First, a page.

Exchange Reporter Plus is a web-based, real-time auditing, alerting, and reporting tool for Microsoft Exchange.
Latest posts by Andrew Jacops (see all)

A Microsoft Exchange environment can quickly become a beast to manage: hundreds or thousands of mailboxes, several servers with different functionalities, and disparate teams managing their own piece of this mammoth deployment. Who keeps sending unauthorized emails from the CEO’s account? Where did all the storage space that was just installed go? What changed the access permissions and activated these mailboxes? These are all questions that ManageEngine’s Exchange Reporter has been curated to answer.

To make this program even better, ManageEngine has just decided to give out Exchange Reporter Standard edition for 25 mailboxes for free! You can still download the Professional version with a 60-day full evaluation version too.

Installation ^

The Exchange Reporter installation wizard couldn’t have been easier. The software is supported on all Windows operating systems, including XP. It also supports all Exchange versions since 2003. More information can be found on ManageEngine’s website.

I was up, running, and collecting data from my Exchange environment within five minutes with nearly zero configuration steps! Seriously. All I had to do was select a port for the web server to run on.

Install port

Install port

And then I signed up for the optional Technical Support:

Technical Support

Technical Support

And that was it!

I did not configure anything after the installation. Exchange Reporter automatically discovered all of my Exchange servers and immediately started collecting data and metrics.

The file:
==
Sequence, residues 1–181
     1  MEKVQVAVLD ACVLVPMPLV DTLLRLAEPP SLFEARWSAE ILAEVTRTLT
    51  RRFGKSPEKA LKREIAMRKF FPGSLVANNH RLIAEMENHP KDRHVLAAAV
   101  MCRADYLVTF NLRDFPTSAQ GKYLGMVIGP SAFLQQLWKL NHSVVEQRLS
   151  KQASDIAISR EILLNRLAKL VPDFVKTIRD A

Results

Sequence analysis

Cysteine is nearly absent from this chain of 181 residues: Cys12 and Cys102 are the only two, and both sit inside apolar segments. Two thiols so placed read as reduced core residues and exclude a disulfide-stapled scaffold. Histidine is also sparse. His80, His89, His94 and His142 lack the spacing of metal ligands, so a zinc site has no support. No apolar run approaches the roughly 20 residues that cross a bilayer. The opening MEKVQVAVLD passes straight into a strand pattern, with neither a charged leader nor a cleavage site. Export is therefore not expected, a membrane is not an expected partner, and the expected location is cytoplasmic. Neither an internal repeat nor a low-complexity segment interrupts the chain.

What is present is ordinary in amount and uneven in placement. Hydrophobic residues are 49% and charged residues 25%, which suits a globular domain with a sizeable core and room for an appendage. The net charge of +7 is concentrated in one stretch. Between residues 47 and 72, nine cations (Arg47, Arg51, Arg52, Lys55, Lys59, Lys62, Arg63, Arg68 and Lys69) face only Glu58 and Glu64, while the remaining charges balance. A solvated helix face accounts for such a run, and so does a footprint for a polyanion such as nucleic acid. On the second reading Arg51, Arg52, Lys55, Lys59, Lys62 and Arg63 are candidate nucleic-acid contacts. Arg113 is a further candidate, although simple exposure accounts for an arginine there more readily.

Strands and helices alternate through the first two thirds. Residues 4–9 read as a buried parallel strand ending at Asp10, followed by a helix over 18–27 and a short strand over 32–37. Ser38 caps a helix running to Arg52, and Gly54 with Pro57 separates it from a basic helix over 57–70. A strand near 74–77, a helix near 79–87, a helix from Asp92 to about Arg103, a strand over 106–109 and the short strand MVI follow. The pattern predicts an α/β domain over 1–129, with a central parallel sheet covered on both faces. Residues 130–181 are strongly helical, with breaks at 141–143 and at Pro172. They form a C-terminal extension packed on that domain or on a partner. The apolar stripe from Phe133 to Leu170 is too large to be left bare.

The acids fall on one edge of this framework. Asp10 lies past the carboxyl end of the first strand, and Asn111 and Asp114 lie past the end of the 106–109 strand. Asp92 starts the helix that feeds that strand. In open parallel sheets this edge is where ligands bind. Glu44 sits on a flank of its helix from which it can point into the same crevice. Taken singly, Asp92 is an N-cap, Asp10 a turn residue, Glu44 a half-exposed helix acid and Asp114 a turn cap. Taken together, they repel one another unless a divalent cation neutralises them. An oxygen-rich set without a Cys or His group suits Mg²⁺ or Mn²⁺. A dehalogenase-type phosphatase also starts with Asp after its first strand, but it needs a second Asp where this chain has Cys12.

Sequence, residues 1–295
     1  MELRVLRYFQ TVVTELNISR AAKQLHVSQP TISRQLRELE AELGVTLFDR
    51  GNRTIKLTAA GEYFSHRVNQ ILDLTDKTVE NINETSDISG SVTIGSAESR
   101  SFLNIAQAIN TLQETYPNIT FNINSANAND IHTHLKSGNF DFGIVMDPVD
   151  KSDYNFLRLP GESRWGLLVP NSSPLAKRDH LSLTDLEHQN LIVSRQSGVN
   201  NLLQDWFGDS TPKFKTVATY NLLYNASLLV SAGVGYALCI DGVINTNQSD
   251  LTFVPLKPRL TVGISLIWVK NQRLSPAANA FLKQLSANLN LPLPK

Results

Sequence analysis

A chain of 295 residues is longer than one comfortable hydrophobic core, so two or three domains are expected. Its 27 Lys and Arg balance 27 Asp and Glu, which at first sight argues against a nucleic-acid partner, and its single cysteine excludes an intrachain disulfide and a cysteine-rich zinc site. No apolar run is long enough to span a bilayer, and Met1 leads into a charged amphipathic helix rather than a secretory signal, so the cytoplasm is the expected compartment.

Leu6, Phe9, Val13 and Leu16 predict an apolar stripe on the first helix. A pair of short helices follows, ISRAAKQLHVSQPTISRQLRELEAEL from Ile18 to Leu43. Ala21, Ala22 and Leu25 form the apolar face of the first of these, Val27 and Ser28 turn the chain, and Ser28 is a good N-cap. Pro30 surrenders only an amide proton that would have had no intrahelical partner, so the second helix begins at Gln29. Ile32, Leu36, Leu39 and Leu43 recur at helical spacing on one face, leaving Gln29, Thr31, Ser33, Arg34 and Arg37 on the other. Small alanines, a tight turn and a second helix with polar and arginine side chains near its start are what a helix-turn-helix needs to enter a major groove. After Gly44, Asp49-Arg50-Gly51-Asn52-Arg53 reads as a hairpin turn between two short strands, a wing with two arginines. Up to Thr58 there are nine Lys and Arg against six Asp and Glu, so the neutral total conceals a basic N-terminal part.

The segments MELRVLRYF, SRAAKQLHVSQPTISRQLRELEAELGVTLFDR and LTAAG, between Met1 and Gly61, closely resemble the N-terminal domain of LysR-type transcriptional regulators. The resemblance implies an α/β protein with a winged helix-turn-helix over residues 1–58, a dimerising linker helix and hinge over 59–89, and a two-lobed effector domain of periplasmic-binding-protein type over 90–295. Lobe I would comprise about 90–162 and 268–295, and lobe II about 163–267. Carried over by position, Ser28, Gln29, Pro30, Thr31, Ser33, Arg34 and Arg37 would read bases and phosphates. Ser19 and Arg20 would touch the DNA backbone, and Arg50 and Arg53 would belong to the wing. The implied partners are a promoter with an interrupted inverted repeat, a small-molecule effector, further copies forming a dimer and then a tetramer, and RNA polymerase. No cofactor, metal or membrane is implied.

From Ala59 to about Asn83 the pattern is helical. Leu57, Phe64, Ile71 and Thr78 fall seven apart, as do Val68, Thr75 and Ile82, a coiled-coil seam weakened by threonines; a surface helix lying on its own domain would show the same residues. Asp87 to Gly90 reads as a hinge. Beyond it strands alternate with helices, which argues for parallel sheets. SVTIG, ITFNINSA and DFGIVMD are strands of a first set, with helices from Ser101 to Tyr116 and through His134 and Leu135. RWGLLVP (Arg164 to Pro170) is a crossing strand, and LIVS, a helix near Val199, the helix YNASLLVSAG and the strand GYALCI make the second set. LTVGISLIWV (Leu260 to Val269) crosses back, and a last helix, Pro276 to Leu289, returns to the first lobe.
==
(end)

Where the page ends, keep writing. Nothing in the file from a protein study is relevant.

Note: Two caveats I found were that Exchange Reporter requires MAPI to be installed, and if you have Outlook installed some of the reports won’t run. Again, the software requirements can be found on the website.

After the installation, an icon for Exchange Reporter displays in the notification area.

Tray icon

Tray icon

This icon enables you to get the status of Exchange Reporter, open the web console, and turn off Exchange Reporter.

The web interface

When the web console is initially opened, you are prompted with a sign-in screen. The default user name and password is “admin.” You will notice, however, that you can select the dropdown for “Log on to:”. The name of your domain has already been discovered and, once you log in, you can configure which AD users you would like to give permissions to.

Web console
Web console

The Home tab ^

After you log in, you will see a dashboard area. This single pane allows you to quickly see some of the more important aspects of your Exchange environment, such as recent alerts, mail store sizes, and email volume.

Web Console - Dashboard